10 things your brand can learn from Obama’s re-election campaign

Obama 2012

Obama 2012

Having followed the Obama re-election campaign closely ever since the New Hampshire Primaries in January 2012, I have come to believe that there are important lessons to be drawn for success in leadership branding and getting people to vote for your brand — both on a political and commercial level.

These are ten principles that have helped Obama snatch victory from the jaws of defeat (when the global media were counting him out after the first TV debate with Mitt Romney) and secure a landslide victory that seemed impossible only a few weeks ago.

1. Strategy trumps tactics
Obama’s campaign team understood the dynamics of this election extremely well as they not only got their timing right (almost to the minute) of swaying the undecided voters but also targeting so-called loyal places and clearly defined voter groups such as Hispanics, gay people and women in the swing states that had been secured in 2008.

In Virginia alone (a state that had been predominantly republican for almost half a century), Obama’s field operation included more than 60 offices, hundreds of paid organizers and more than 20,000 volunteers, who, last Saturday alone, placed 560,000 phone calls and knocked on 580 000 doors.

2. Negative advertising does not work any more
After decades of presidential candidates all over the world dragging their opponents through the proverbial mud, electorates have grown tired of being bombarded with negative advertising. Recent surveys have shown that the most popular comments on social media (and the highest EdgeRank views on Facebook) are those that carry a positive message (over 70% of social media users attested to that).

According to a live CNN tracking poll of undecided voters in Colorado, the lowest rated moments for both candidates during the TV debates were moments when they negatively attacked each other.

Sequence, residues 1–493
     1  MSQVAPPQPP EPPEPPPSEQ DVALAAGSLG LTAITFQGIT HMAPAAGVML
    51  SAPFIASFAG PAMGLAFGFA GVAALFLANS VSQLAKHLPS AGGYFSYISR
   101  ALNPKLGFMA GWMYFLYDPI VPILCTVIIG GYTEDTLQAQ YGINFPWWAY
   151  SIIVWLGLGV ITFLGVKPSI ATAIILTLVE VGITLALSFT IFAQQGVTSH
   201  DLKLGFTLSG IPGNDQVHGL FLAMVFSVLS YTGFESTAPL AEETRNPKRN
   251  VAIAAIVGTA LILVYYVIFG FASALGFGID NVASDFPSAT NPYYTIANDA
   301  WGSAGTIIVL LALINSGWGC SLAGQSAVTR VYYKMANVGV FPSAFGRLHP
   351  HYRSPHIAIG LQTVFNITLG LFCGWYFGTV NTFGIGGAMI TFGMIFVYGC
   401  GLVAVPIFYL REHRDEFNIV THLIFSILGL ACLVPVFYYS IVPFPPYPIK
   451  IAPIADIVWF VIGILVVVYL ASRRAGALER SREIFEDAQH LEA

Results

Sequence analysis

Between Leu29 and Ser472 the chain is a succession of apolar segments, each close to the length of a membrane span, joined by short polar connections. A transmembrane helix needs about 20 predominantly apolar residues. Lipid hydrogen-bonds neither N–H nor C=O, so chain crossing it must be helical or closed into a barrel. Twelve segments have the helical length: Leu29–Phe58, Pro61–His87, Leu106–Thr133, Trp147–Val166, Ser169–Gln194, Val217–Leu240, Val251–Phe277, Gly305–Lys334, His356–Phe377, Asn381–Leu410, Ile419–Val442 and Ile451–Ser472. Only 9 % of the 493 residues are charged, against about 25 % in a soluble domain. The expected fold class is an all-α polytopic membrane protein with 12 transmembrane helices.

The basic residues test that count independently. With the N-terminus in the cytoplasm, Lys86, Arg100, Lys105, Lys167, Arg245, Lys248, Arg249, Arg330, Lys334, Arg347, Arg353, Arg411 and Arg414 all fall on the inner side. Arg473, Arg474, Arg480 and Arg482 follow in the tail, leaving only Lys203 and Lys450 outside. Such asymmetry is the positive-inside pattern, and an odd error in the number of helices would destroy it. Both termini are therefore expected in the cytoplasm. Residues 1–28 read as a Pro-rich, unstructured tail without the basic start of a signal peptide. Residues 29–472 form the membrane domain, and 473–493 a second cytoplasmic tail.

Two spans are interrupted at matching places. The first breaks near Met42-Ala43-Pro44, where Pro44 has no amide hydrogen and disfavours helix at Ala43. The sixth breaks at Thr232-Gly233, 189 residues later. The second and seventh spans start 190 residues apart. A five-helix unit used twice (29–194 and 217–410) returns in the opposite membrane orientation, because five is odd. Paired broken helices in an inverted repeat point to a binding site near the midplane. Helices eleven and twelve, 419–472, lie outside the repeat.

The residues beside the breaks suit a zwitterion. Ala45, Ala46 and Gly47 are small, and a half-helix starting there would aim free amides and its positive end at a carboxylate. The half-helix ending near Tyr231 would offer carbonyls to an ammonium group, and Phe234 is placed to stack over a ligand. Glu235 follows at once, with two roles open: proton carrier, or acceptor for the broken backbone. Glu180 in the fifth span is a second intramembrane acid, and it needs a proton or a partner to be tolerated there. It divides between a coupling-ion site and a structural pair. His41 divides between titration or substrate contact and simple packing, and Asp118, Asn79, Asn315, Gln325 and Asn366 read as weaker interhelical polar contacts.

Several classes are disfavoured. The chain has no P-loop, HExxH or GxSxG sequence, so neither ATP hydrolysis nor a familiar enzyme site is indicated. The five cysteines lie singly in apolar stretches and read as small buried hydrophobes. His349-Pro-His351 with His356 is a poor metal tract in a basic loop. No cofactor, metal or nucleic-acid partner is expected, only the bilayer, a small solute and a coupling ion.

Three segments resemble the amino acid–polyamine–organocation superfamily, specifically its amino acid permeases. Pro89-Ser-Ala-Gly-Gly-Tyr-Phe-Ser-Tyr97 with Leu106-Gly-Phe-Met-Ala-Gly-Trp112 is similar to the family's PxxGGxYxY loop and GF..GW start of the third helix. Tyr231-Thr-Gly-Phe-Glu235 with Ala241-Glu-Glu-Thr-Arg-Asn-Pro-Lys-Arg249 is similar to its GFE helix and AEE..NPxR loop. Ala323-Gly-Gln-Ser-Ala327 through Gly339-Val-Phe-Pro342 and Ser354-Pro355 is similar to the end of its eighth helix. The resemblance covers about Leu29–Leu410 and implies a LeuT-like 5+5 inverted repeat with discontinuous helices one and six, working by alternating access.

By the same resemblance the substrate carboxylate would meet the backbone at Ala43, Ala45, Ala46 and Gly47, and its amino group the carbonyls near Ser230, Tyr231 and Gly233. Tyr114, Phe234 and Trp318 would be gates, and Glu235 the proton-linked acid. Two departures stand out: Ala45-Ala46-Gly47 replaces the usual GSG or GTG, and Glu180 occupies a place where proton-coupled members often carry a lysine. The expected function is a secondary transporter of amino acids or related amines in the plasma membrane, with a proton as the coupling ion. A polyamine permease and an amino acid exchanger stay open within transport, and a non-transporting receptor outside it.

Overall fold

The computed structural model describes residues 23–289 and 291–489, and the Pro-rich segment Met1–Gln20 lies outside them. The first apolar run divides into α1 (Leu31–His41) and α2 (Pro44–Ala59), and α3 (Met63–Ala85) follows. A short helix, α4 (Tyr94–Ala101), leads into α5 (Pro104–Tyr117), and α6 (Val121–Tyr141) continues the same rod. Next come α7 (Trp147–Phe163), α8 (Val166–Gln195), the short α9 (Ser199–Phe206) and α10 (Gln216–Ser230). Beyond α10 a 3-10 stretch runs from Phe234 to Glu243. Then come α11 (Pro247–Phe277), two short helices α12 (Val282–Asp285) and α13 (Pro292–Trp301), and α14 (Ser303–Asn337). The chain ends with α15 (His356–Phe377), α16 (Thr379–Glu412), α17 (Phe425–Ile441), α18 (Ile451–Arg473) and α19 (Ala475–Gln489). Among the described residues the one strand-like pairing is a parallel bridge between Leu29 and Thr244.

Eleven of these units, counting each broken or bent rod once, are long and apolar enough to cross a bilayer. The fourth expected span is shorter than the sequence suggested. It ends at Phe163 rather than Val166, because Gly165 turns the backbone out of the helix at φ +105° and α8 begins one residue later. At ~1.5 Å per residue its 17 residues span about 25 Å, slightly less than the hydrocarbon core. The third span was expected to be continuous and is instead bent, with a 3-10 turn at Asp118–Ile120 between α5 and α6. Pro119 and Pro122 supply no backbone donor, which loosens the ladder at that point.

3. Application hunters beat fault finders
Romney clearly did not get this message as he kept hammering away at everything that Obama had not achieved during his four-year term instead of putting forward an action plan on just how he proposed creating the 12-million jobs he kept promising throughout his campaign.

Obama’s economic pitch dovetailed perfectly with the one policy that helped him most in swing states — the bailout of the car industry. His decision to use government funds to rescue GM and Chrysler, and by extension, the rest of the industry, proved to voters that Obama was intent on fixing the economy rather than playing the partisan game as his opponent kept doing.

4. Collaborative intelligence matters most
In the new economy, there is strong public support for more collaboration and less partisanship in most parts of the world. More collaborative people tend to be more likeable, especially in times of hardship. They are the ones who are able to work with anyone, even those who disagree with them. Perhaps more than any other time in American history, voters realized that this had to be a critical quality in their next president.

Throughout his campaign, Obama by far was the more conciliatory candidate of the two, always looking at the bigger picture of the United States of America rather than the Divided Camps of Political Foes.

5. Connecting with the culture code
According to Clotaire Rapaille, author of “The culture code: why people around the world live and buy as they do”, every country is subscribed to their individual culture code, a set of unwritten rules that determines the behaviour of the constituency at large and determines the leadership style that resonates the most within the populace.

Says Rapaille: “Our leader is the person who leads the rebellion. We are always changing, always moving forward, always reinventing, and we want a president who can direct this process. The president needs to understand what is broken, have a strong idea about how to fix it, and then ‘rebel’ against the problem. We expect our presidents to show us that they know where the country needs to go and how to take us there.”